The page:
I love photography. I only have about two years of experience, but I can tell you that I love it. More specifically, I love street photography. Let me tell you something about Street Photography.
Today I’m pleased to introduce to you the first of the promised guest posts I’ve been talking about. This one takes a look at street photography, something I don’t have much experience in myself but non the less an interesting topic. The author is [Gm], a blogger from Indonesia (where I’m currently enjoying a well deserved holiday) who at the moment lives in Japan. I now give [Gm] the word and suggest that you all have a look at his blog (which is updated daily) once you’ve read his article and left a comment.
First of all, what is Street Photography?
It’s hard to define something that is very flexible. To my broad definition: Street Photography is something that you capture in public, candidly, and that tells a story. Street Photography should not be mistaken with Street Portrait, which is only one part of Street Photography. In that sense, Street Photography is not always about facial expression and beautiful strangers. Sure, gorgeous ladies and handsome men would make a great subject. But then, it would be hard to differentiate between a Street Photographer and a pervert (or voyeur). Street Photography is also about geometry, shape, gesture, shadows and light, juxtaposition, etc. It is about how people react with the environment – or sometimes it’s not about people at all!
Street Photography is freedom: freedom to capture, freedom to define, freedom to assess. For me, personally, Street Photography is capturing the mundane to create interesting story. I say “create” because I’m the one telling the story (through my photo), and it is based on my personal interpretation. I could be wrong. No, I am probably wrong.
Street Photography is about capturing the moment; it’s not about creating or making a picture. Ansel Adams’ famous line “You don’t take a photograph, you make it” doesn’t really apply here. Street Photography has to deal with a lot of uncontrollable factors. You can’t control the light, you can’t control the pose, you can’t control the fleeting seconds – you can only capture them as they go. The good news is, you can play with light, you can anticipate a pose, and you can get lucky to get the decisive moment.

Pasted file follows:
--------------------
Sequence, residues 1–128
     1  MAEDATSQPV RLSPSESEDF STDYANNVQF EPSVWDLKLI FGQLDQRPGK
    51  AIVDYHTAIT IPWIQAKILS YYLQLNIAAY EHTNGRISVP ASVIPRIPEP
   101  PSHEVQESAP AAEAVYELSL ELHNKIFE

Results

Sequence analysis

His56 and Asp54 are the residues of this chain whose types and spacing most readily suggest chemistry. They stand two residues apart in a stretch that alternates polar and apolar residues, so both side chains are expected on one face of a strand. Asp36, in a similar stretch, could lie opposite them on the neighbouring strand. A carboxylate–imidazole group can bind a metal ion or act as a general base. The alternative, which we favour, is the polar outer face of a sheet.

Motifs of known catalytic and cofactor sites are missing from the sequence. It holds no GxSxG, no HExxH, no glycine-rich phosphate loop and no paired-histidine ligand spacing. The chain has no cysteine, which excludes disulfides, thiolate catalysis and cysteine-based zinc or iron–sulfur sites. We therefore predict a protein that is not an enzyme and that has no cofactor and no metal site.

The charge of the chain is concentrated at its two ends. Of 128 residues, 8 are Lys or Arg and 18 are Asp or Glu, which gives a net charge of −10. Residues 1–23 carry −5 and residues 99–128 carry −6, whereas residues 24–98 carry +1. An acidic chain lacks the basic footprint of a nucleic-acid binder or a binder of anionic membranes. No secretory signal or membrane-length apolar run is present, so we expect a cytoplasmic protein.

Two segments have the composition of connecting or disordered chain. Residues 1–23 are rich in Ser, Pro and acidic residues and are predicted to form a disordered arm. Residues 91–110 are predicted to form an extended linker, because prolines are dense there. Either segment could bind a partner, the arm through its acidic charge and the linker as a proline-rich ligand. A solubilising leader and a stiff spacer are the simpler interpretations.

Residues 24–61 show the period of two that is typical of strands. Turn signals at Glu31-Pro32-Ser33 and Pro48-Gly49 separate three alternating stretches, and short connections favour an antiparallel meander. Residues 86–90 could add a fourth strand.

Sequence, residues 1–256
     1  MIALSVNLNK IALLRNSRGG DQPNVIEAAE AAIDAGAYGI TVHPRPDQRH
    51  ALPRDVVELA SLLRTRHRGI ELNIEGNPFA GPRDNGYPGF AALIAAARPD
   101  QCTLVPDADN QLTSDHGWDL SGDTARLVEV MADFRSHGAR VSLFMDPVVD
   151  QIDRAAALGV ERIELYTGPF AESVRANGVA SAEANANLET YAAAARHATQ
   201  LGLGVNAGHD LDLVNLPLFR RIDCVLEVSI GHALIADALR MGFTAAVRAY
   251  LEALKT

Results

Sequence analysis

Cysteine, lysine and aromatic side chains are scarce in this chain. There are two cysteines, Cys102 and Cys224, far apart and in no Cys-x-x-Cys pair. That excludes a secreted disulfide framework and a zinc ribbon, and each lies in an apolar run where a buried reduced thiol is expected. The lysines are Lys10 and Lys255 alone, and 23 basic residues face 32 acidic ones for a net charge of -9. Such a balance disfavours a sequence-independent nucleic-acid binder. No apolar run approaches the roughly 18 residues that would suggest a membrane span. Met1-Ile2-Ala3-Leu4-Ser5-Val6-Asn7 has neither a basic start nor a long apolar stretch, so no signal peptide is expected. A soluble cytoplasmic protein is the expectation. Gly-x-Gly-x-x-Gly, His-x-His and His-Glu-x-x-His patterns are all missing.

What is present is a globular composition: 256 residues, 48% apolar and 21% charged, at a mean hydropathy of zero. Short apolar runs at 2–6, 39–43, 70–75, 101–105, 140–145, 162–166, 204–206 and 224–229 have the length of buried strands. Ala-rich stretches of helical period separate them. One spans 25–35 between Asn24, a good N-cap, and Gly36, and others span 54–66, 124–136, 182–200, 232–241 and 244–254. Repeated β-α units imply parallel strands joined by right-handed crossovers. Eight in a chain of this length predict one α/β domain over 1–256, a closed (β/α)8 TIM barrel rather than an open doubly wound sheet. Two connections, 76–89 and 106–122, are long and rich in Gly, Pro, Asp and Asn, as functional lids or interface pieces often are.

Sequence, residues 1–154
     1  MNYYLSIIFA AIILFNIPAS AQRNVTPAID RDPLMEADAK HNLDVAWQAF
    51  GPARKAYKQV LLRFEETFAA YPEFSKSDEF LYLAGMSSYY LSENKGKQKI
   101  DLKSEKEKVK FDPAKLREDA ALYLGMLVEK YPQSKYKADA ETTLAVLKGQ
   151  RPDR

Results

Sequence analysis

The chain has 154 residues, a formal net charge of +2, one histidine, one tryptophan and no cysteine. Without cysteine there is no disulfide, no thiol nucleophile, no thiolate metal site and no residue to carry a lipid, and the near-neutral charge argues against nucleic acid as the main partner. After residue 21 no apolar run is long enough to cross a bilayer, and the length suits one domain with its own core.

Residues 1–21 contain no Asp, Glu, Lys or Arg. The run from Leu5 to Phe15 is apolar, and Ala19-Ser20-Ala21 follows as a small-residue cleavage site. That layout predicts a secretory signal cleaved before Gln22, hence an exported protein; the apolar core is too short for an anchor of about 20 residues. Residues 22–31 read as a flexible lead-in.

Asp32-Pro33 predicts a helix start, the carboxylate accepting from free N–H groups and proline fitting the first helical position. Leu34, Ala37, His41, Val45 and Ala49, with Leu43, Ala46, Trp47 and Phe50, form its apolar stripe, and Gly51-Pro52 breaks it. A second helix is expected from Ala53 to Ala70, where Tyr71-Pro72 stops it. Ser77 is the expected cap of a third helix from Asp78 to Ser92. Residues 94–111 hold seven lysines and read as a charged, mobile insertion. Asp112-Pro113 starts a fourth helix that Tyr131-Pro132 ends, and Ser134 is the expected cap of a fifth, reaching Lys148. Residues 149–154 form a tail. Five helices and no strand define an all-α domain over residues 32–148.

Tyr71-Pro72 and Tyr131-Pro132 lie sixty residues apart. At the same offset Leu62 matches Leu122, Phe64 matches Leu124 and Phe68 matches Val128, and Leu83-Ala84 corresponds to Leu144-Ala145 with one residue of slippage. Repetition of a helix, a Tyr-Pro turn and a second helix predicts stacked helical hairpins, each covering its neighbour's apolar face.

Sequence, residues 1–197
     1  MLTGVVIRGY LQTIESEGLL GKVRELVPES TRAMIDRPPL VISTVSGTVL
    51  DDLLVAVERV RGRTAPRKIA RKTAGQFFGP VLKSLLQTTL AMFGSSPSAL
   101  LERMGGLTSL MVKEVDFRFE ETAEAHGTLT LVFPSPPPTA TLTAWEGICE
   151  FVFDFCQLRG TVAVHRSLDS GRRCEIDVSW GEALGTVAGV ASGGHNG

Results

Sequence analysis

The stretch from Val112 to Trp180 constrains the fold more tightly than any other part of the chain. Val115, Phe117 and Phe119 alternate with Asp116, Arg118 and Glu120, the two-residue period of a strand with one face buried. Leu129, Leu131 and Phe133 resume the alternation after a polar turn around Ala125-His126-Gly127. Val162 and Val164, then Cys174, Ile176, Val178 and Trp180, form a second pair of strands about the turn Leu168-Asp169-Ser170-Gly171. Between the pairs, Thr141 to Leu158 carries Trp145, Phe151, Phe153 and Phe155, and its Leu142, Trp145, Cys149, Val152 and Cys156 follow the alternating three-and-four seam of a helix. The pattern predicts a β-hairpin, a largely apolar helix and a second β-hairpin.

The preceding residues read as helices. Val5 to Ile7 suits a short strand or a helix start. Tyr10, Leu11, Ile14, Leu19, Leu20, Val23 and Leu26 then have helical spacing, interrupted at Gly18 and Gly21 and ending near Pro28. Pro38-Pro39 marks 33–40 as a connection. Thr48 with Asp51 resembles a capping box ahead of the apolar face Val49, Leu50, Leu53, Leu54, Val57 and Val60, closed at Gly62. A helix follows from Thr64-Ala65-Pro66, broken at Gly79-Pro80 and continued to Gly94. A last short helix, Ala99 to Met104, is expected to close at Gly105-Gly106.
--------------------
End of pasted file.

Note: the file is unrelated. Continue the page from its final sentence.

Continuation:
Of course, you will need to be prepared (e.g. camera settings, pointing the camera in the right direction, having the guts to actually take the shot, etc) in anticipating the moment. But, in the end, it’s always about luck – lucky to be there at the right moment.
Now, why I like Street Photography?
Well, the biggest reason is because it happens everywhere, all the time. You don’t have to travel to a special place, you don’t have to wait for a special time (like the golden hour) and you don’t need any special tools (special lens, special camera, special flash, etc). You just need a camera – any camera – then go out and shoot. Of course, better gear will give better results, but it is never mandatory (for photography in general) to have special tools. And you know what the best part is? Even if you go to the same place, at the same time (of different days) over and over, the scene will be different. You will find a different scene, you will find different people, you will find different points of interest. You know that you can’t turn back time, right?
The second reason: it’s easy and fun :-). Well, it is easy to make street photograph, but I have to say that it’s not that easy to make a good one – but still, everything is possible.
What do I think is the biggest challenge in Street Photography?
Technique? No, technique can be learned. Practice makes perfect.
Observant eyes? No, that can also be learned and practiced.
Luck? Not really. You can’t learn that, but you can pray to get lucky :-).
Guts? Yes, this is the one. I think guts is the biggest problem. A lot of people (including me) are not always comfortable in taking photos of strangers. Some feel shy, some feel guilty – like they are doing something wrong.
Well, is it wrong?
I can’t say this for everybody, but in most countries, it is completely legal for you to take photos of anybody as long as they are in public. However, publishing them (on print or online) is another story. In the end, it’s better to check the local Law and Regulations before engaging Street Photography.
Why do I still feel guilty, even when I know I wasn’t doing anything wrong?
After only 1.5 years of doing this, I still feel bad or guilty sometimes. I feel a little awkward to the least. It’s must be the common sense talking. Despite that I have the right (under law) to take photos of anybody in public, they also have the right to not being photographed – especially when they are in bad or embarrassing moments. In this case, your ethics will be the judge. It is your decision whether you are going to take the photo or not. It is your decision whether you are going to publish the photo or not. My personal rule is simple; I won’t publish a photo of someone in embarrassing, ugly or bad moments. Funny and laughable photos are fine – degrading are not.
Anyway, I hope you can enjoy Street Photography as much as I can. I don’t think our host here (Rifqi) is a fan of Street Photography, but I surely hope he is willing to give it a shot :D… at least he is willing to give me a shot in writing a post about Street Photography on his blog. That’s a good start :-P.
So, what are you waiting for? Go out and have some fun with Street Photography!